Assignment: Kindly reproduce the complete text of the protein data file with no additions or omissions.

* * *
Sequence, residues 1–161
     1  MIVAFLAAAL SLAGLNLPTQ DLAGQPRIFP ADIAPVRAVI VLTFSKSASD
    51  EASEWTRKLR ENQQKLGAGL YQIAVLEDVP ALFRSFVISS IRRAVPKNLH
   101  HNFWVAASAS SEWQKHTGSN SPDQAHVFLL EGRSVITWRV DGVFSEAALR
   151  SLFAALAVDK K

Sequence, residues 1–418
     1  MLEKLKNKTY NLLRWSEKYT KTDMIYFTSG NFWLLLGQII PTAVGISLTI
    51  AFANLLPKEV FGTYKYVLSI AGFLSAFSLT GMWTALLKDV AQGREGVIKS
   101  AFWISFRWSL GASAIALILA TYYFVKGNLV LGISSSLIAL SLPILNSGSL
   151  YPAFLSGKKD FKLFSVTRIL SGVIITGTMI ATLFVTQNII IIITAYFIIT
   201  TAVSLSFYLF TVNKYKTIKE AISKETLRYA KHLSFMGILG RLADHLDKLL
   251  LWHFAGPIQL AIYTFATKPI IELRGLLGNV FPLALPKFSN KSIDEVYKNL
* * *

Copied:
Sequence, residues 1–161
     1  MIVAFLAAAL SLAGLNLPTQ DLAGQPRIFP ADIAPVRAVI VLTFSKSASD
    51  EASEWTRKLR ENQQKLGAGL YQIAVLEDVP ALFRSFVISS IRRAVPKNLH
   101  HNFWVAASAS SEWQKHTGSN SPDQAHVFLL EGRSVITWRV DGVFSEAALR
   151  SLFAALAVDK K

Sequence, residues 1–418
     1  MLEKLKNKTY NLLRWSEKYT KTDMIYFTSG NFWLLLGQII PTAVGISLTI
    51  AFANLLPKEV FGTYKYVLSI AGFLSAFSLT GMWTALLKDV AQGREGVIKS
   101  AFWISFRWSL GASAIALILA TYYFVKGNLV LGISSSLIAL SLPILNSGSL
   151  YPAFLSGKKD FKLFSVTRIL SGVIITGTMI ATLFVTQNII IIITAYFIIT
   201  TAVSLSFYLF TVNKYKTIKE AISKETLRYA KHLSFMGILG RLADHLDKLL
   251  LWHFAGPIQL AIYTFATKPI IELRGLLGNV FPLALPKFSN KSIDEVYKNL